But diagnosed with malaria
The Filipino peacekeeper who recently arrived from Liberia and who developed fever and chills on Friday tested negative for Ebola, the Department of Health (DOH) said on Saturday.
However, the soldier has malaria, according to Health Acting Secretary Janette Garin.
“He is now all right and undergoing treatment for malaria. Every eight hours his blood is being examined to ensure the progress,” Garin said in a press briefing at the National Kidney and Transplant Institute (NKTI) in Quezon City. She explained that it was the malaria infection that caused the fever to recur.
Garin said they expect the soldier, who has been given a combination therapy to fight malaria, to be in stable condition within three to five days.
She said that the presence of malaria either stemmed from two possible reasons.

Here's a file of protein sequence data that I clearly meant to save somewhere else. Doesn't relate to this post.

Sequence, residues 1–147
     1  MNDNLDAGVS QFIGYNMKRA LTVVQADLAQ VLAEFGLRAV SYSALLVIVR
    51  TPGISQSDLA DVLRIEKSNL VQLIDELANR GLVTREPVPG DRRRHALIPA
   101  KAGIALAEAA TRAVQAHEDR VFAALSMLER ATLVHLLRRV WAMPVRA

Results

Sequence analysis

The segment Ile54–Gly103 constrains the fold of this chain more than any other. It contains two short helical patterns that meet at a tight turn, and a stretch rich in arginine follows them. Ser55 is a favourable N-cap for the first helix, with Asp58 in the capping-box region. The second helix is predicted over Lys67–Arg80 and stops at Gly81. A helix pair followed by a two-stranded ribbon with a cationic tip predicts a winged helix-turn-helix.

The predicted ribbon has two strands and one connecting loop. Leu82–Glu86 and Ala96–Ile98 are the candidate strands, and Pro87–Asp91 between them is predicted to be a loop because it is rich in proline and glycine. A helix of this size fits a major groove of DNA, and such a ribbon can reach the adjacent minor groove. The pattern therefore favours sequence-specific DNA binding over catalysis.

“It is possible that when he was treated before, the treatment was not properly done. The other probable reason was he was afflicted with malaria one or two weeks before he left Liberia,” the DOH acting chief said.
Since the soldier is not carrying the Ebola virus, there is no need to isolate him, Garin said. She added that the patient will be moved to a regular room soon.
The peacekeeper was among more than 100 soldiers who came home last week from Liberia. They were immediately whisked off to Caballo Island in Manila where they will undergo quarantine for 21 days.
The Armed Forces of the Philippines earlier said the soldiers were subjected to a United Nations-supervised Ebola-screening test in Monrovia before they were sent home. All of them tested negative for the killer virus.
Two days after their arrival, one of the soldiers developed fever and was taken to the Research Institute for Tropical Medicine (RITM) in Alabang, Muntinlupa City.
Garin said the RITM repeatedly conducted confirmatory test for Ebola in its laboratory to ensure accuracy of the test. It also conducted tests to check whether the patient had developed anti-bodies also to Ebola.
The Health official said the soldier will be transferred to Caballo island once he recovers from malaria.
“It is good that the disease was detected early so there will be no complications. We thank the vigilance of the RITM,” she added.
MARIS LALOG WITH PNA